Don’t Get Ticked Off Over Chronic Lyme Disease

Lyme disease as a cause of chronic pain and fatigue?

Posted Sep 03, 2013

There is a segment of the medical profession that considers Lyme disease as a prevalent cause of chronic fatigue and pain—even in the absence of evidence of Lyme infection. What is going on here?

Many of these individuals reject the criteria for diagnosing Lyme disease as put forth by the Centers for Disease Control and Prevention (CDC) and the Infectious Diseases Society of America (IDSA). These health professionals use the term “chronic Lyme disease” to explain symptoms such as chronic fatigue, chronic pain, and cognitive dysfunction in the patients who come to their clinics. Other symptoms noted on chronic Lyme internet sites include reproductive organ pain, back pain, sleep difficulties and moodiness; these are symptoms you just won’t find when you consult the Lyme disease web pages addressing diagnosis for the CDC or the IDSA.

Yet, while most of the patients labeled with chronic Lyme disease do not fulfill, say, the IDSA criteria for the diagnosis of Lyme disease, there are physicians and others who administer intravenous antibiotics for extended periods of time over and over again, despite the absence of randomized controlled trials to support such prolonged therapy; and in spite of any concerns the medical community at large has about the risk of the development of resistant strains of bacteria in the face of repeated and unnecessary exposure to antibiotic therapy.

Lyme disease is caused by the bacteria, Borrelia burgdorferi, introduced to its victims by the eastern deer tick known as Ixodes dammini. The disease can manifest as inflamed joints, inflamed heart tissue, and can cause neurologic disease in 10% to 15% of patients. Common manifestations seen in neurologic disease include meningitis, cranial nerve inflammation, inflammation of peripheral nerves leading to the inability to fully use a limb, and painful inflammation of nerve roots as they branch off from the spinal cord. The diagnosis of neurologic disease requires objective evidence of nervous system damage, and must be differentiated from psychiatric disorders and metabolic disorders—both of which can occur in the absence of obvious neurologic damage or infection. Treatment with antibiotics over a two to four week period generally results in microbiologic cure, and in most cases oral regimens are just as effective as their more expensive intravenous counterparts. While some symptoms may persist after antibiotic treatment, including chronic fatigue and concomitant cognitive or memory deficit, the data, according to a 2011 article in “Current Infectious Disease Reports,” do not suggest that these symptoms are responsive to further antibiotic therapy.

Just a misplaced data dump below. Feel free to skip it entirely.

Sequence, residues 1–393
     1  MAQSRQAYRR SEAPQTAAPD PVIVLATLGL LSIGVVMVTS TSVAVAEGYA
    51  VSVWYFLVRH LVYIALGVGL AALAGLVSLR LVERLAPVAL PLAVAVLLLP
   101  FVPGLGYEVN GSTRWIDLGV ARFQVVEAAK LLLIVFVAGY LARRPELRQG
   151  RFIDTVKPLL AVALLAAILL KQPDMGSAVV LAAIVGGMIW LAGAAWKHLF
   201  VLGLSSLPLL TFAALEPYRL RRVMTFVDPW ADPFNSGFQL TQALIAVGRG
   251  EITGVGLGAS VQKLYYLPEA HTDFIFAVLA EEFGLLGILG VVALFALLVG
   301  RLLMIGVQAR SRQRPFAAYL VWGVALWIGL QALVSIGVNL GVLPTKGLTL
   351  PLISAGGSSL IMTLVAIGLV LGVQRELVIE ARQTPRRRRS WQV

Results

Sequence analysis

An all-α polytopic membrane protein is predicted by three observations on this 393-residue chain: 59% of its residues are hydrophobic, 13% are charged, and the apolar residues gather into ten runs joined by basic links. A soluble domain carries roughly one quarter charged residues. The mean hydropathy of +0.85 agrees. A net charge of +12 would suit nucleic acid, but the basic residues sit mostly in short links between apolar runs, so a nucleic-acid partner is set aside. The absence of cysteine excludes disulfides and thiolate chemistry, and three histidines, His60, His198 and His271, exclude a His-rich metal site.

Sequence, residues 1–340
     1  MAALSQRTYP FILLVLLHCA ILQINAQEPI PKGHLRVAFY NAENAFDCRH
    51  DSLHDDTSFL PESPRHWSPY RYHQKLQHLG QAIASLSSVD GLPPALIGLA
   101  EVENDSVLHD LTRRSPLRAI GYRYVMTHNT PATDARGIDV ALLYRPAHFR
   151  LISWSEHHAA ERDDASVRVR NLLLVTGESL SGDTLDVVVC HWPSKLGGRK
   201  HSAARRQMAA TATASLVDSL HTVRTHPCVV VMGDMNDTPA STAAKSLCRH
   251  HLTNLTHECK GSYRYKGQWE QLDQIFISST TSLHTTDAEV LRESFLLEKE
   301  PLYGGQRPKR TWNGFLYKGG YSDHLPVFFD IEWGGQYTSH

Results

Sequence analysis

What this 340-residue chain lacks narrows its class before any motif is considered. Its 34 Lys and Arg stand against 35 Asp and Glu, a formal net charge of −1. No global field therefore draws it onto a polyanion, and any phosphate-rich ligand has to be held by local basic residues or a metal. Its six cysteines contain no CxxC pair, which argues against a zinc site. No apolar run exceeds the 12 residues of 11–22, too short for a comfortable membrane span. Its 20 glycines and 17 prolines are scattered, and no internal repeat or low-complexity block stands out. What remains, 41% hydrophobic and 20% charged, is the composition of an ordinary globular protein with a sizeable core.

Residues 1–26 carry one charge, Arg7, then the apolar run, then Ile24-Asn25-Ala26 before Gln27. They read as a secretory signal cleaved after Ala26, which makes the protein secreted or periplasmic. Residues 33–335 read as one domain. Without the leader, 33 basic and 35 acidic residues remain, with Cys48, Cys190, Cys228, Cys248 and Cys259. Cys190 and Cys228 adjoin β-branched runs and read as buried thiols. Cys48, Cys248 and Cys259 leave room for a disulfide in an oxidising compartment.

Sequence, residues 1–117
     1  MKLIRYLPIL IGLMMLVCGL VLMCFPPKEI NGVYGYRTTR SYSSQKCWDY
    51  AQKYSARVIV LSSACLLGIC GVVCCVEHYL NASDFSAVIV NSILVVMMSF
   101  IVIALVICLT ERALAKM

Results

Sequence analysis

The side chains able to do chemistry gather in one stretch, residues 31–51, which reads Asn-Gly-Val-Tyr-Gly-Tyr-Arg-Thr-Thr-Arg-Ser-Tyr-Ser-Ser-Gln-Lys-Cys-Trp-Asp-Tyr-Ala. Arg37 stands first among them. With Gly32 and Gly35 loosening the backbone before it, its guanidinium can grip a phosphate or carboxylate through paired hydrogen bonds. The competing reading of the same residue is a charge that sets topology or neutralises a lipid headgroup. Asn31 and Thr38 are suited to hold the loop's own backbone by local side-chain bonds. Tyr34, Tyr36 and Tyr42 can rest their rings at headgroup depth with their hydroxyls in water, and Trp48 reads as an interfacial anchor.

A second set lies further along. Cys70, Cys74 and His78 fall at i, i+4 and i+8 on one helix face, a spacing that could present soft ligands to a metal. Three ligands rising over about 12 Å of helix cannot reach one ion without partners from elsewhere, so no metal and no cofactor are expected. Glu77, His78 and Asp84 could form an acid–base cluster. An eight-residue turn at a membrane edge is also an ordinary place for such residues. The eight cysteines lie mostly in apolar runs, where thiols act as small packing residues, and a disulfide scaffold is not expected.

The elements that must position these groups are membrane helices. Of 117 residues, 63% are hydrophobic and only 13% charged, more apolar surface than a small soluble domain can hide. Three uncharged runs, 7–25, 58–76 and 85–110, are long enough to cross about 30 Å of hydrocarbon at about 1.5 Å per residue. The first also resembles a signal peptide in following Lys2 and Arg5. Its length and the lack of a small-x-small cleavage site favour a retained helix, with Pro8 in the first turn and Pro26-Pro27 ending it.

According to a 2007 “New England Journal of Medicine” article on “chronic Lyme disease,” prolonged antibiotic therapy appears to do nothing for nonspecific symptoms such as fatigue, night sweats, sore throat, stiff neck, joint and muscle pain, depression, sleep disturbance, poor concentration, and depression—regardless of whether Lyme disease is common in the environment of the patient. In fact, data from three double-blind, randomized, placebo-controlled trials have shown that there is substantial risk, with little or no benefit associated with additional antibiotic treatment for patients who have the aforementioned chronic subjective symptoms after they have been administered appropriate treatment for an episode of Lyme disease.

Actually, antibiotic therapy can be extremely harmful to patients treated for chronic Lyme disease: One can see life-threatening allergic reactions, liver toxicity, severe yeast infections, and intravenous catheter-associated adverse events.

Of course, what does someone—patient or provider—who is wedded to the existence of chronic Lyme disease and the prolonged antibiotic therapy of that phenomenon do when confronted with not just a lack of evidence for the treatment of a possibly non-existent medical condition, but several negative published studies concluding that treatment is futile and possibly dangerous? Well, you turn to anecdotal reports and uncontrolled studies that support your beliefs.

It should be remembered, however, that response to treatment should not be considered as an undeniable indicator that a diagnosis is accurate, nor proof that the antibiotic is having an effect because it is killing bacteria. As you might imagine, many patients will feel better over time; and controlled trials indicate that nearly 40% of patients with post-Lyme disease symptoms have a positive response to placebo. (If you are not familiar with the placebo effect, that is a considerable effect.) Also, some antibiotics have significant anti-inflammatory effects: for some, the administration of certain antibiotics is akin to taking Celebrex or Motrin, which can be great pain relievers. Finally, uncontrolled trials and anecdotal case reports often do not use standardized definitions of the disease they claim to be studying, and their criteria for interpreting laboratory results might not involve validated methodology.

An empathic health care provider will need to explain the problems with the theory of chronic Lyme disease, and do what should be done whenever a patient comes in for the evaluation of chronic pain and fatigue: provide support, embark on a thorough medical evaluation, and gently advise them that the proffering of cures when there are none can result in further medical problems if certain cures are accepted. Successful interactions between patients and physicians will hopefully allow the patients to keep both their health, and their money.

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